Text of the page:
Hill starts seem to strike fear into the hearts of learner drivers; but if you have been taught the correct basic procedure for moving off, then you are already half-way there.
The correct method for moving off normally is to set the gas and bring the clutch to the biting point before releasing the handbrake. A hill start is no different and you will not roll back if you carry out this routine correctly. The only difference in control is that you may need to give the engine a little more gas to increase engine power; how much will depend on the steepness of the slope.
Where do hill starts differ from a normal start? Well, when you set off you will not be able to accelerate away as quickly as on a flat road. For this reason you need to ensure that you have a bigger gap if any traffic is approaching from behind. Once you have set off, you may also need to accelerate more quickly to maintain that safe gap. To do this you should hold onto your lower gears longer than you normally would. Ensure that you have built up enough speed before changing up into a higher gear otherwise you will lose momentum.
When you are moving out from behind an obstruction, such as when pulling out from between parked cars, this is known as an ‘angle start.’ Because of the need to steer around the obstruction, you will not be able to accelerate away as quickly as you would from a clear space. You need to keep the speed of your car low by using clutch control until you have cleared the obstruction. So, like with the hill start, you will need to ensure that you have more space and time behind. You need to avoid causing other drivers to slow down when you set off.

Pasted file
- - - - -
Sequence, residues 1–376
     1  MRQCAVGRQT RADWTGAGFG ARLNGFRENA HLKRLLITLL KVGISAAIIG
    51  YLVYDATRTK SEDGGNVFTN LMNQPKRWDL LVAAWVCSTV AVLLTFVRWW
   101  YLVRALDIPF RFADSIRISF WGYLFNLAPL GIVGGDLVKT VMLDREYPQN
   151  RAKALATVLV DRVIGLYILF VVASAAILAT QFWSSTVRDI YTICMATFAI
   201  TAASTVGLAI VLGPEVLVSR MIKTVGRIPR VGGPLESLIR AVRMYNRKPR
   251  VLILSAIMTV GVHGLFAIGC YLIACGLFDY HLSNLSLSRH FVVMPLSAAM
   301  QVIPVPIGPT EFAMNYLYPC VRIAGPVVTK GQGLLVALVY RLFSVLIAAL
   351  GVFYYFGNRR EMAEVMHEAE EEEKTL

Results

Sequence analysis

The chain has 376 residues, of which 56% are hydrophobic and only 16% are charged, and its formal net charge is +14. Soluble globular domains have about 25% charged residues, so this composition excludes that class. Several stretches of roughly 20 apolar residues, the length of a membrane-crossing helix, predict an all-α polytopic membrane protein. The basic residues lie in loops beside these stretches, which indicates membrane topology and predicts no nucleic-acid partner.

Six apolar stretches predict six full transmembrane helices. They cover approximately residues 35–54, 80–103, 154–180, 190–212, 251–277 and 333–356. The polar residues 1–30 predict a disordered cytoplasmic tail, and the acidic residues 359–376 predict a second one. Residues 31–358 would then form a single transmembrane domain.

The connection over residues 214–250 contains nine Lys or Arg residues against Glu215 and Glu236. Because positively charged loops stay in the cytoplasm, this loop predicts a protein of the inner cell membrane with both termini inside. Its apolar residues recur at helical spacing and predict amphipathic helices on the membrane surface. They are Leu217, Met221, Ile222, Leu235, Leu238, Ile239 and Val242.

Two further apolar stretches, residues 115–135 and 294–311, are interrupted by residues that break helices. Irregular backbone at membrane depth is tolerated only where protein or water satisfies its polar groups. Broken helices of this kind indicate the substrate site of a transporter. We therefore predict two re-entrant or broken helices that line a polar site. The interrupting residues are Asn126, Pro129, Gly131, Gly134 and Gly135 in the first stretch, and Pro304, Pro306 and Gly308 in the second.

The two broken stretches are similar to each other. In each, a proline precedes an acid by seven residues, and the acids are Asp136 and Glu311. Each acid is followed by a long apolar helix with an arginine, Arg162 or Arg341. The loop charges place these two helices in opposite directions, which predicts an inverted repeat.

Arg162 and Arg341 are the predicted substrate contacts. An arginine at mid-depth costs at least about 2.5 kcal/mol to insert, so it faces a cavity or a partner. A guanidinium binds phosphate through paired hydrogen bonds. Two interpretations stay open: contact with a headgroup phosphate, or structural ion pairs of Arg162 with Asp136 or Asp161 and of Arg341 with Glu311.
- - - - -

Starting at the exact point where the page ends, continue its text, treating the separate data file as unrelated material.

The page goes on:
With and angle start, you also need to be much more aware of what may be coming towards you. Because you will have to take a wider course to get around the obstruction, there is a risk that you could move into the path of oncoming traffic. It is vitally important in this situation that you do not pull out until you are sure it is safe both in front of and behind your vehicle.
Whether moving away from a hill start or an angle start, check your mirrors as soon as you get going. This is to ensure you are picking up enough speed to avoid causing anyone coming up behind to brake.